Stem Cells International

Stem Cells International / 2019 / Article
Special Issue

Interaction between Stem Cells and the Microenvironment for Musculoskeletal Repair

View this Special Issue

Review Article | Open Access

Volume 2019 |Article ID 4761427 |

Junio Dort, Paul Fabre, Thomas Molina, Nicolas A. Dumont, "Macrophages Are Key Regulators of Stem Cells during Skeletal Muscle Regeneration and Diseases", Stem Cells International, vol. 2019, Article ID 4761427, 20 pages, 2019.

Macrophages Are Key Regulators of Stem Cells during Skeletal Muscle Regeneration and Diseases

Guest Editor: Fengjuan Lyu
Received03 Apr 2019
Accepted09 Jun 2019
Published14 Jul 2019


Muscle regeneration is a closely regulated process that involves a variety of cell types such as satellite cells, myofibers, fibroadipogenic progenitors, endothelial cells, and inflammatory cells. Among these different cell types, macrophages emerged as a central actor coordinating the different cellular interactions and biological processes. Particularly, the transition of macrophages from their proinflammatory to their anti-inflammatory phenotype was shown to regulate inflammation, myogenesis, fibrosis, vascularization, and return to homeostasis. On the other hand, deregulation of macrophage accumulation or polarization in chronic degenerative muscle disorders was shown to impair muscle regeneration. Considering the key roles of macrophages in skeletal muscle, they represent an attractive target for new therapeutic approaches aiming at mitigating various muscle disorders. This review aims at summarizing the novel insights into macrophage heterogeneity, plasticity, and functions in skeletal muscle homeostasis, regeneration, and disease.

1. Introduction

Skeletal muscle injury can be caused by a variety of conditions such as direct trauma, disuse, ischemia, exercise, toxins, and genetic diseases. To face these challenges, skeletal muscle has developed a remarkable regenerative capacity, which relies on muscle stem cells, named satellite cells. Skeletal muscle regeneration is a tightly regulated process during which quiescent satellite cells are activated and become proliferating myoblasts, which will differentiate and fuse to form multinucleated myotubes (newly formed muscle fiber) [1]. The coordination of the myogenesis process (formation of new muscle tissue) involves the cooperation of numerous other cellular and molecular components [2]. Particularly, the onset, development, and the resolution of the inflammatory response play an instrumental role in the regulation of myogenesis.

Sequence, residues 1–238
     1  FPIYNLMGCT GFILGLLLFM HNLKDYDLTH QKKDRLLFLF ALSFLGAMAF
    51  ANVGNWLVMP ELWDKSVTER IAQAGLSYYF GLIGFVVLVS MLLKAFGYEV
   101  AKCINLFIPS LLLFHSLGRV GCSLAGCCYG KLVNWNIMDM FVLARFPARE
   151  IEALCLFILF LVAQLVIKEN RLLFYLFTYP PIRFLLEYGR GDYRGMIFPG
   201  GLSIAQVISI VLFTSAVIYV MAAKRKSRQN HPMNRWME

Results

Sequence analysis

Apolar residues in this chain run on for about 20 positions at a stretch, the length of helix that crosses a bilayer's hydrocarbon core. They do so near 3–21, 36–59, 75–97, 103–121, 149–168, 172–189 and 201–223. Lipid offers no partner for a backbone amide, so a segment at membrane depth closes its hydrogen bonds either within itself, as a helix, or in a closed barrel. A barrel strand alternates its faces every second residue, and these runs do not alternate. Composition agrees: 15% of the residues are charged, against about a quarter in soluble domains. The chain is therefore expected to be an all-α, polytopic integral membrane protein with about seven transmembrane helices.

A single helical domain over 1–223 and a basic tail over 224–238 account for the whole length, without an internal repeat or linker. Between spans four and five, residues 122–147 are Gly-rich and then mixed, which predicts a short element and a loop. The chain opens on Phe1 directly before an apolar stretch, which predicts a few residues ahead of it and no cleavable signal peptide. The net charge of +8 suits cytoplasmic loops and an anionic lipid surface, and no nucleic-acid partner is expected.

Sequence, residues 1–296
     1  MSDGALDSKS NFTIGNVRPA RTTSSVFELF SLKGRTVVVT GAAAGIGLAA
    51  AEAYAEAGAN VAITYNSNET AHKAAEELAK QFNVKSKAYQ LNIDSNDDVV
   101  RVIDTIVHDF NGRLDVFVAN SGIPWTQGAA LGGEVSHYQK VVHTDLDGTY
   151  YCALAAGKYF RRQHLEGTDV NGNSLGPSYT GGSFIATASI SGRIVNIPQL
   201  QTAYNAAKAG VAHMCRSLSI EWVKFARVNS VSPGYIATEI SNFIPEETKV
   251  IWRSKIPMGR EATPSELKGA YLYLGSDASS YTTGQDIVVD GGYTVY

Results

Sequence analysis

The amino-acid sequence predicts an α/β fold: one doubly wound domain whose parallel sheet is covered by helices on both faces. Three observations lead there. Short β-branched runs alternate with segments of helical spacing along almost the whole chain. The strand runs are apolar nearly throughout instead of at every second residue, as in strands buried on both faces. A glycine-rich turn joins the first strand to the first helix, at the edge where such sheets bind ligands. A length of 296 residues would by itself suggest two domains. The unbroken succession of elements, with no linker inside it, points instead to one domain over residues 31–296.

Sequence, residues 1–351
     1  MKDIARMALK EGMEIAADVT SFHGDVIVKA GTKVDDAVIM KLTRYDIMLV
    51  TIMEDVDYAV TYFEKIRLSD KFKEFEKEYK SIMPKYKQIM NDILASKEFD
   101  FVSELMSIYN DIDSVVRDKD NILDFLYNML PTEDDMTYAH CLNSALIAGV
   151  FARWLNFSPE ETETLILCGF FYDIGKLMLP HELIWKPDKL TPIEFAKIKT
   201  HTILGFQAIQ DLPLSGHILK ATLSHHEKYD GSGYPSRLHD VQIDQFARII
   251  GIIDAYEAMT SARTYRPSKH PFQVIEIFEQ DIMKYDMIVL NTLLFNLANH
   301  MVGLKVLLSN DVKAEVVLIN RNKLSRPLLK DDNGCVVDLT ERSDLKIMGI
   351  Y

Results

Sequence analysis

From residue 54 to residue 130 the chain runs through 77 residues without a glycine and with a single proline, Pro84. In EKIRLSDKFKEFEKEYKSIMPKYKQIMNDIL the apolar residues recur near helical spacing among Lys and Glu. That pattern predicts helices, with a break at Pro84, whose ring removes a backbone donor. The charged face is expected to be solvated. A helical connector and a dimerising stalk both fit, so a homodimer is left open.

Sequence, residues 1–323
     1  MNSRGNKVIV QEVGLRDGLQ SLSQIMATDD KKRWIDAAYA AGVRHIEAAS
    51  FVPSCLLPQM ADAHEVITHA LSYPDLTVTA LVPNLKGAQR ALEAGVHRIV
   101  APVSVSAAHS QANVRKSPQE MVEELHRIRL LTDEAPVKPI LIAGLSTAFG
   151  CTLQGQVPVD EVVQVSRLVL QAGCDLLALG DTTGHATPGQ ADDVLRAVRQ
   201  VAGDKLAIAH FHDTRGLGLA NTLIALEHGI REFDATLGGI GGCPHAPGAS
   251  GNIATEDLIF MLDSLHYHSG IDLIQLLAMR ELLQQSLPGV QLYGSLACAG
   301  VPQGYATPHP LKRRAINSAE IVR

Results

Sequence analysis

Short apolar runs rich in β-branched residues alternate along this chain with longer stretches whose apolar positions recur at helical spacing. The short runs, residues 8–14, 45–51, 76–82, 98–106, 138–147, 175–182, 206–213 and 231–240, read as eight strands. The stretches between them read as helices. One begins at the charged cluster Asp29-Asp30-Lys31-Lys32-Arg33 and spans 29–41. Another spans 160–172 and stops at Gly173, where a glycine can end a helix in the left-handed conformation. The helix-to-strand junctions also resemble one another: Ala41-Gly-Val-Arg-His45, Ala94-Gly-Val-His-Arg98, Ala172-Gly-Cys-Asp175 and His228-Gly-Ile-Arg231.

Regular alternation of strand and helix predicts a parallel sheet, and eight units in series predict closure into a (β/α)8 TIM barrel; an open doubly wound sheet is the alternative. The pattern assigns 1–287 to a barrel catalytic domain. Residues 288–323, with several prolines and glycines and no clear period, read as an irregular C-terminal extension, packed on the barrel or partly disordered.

Monocytes and macrophages are predominant myeloid cells that chronologically accumulate in skeletal muscle at the onset of injury-induced inflammation [3]. There are numerous evidences indicating that macrophages are key regulators of different biological processes involved during skeletal muscle regeneration, such as myogenesis, fibrosis, inflammation, and revascularization [39]. On the other hand, in chronic degenerative conditions, the excessive and disorganized influx of macrophages stimulates muscle necrosis, fibrosis, and defective muscle repair. Therefore, the spatiotemporal regulation of inflammation is vital for an effective regeneration of skeletal muscle.

In recent years, novel discoveries revealed that the plasticity, heterogeneity, and the roles played by macrophages in skeletal muscles are much more complex than anticipated. This review will discuss these novel insights into the role of macrophages in muscle homeostasis, regeneration, and diseases with a particular focus on Duchenne muscular dystrophy (DMD). Promising strategies targeting macrophage polarization in physiopathological conditions will also be discussed.

2. Origin and Recruitment of Monocyte and Macrophages

Numerous tissues contain long-lived resident macrophages that originate from the yolk sac during development [10]. In steady state, these tissue-resident macrophages self-renew through in situ proliferation or are replenished by blood monocytes [1113]. Resident macrophages are observed in healthy skeletal muscles where they regulate tissue homeostasis. In rats, resident macrophages are identified by the marker ED2, while infiltrating monocytes/macrophages are defined by the expression of the marker ED1. In humans, resident macrophages were shown to largely coexpress CD11b and CD206 [14]. Contrary to infiltrating macrophages, ED2+ resident macrophages do not contribute to phagocytosis [15]; instead, it is suggested that they act as sentinels that are readily activated by damage-associated molecular patterns (DAMPs) secreted during muscle injury to facilitate the invasion of circulating leukocytes. However, the literature on these resident cells is limited, and further research is needed to clearly comprehend their roles in healthy and regenerating skeletal muscle.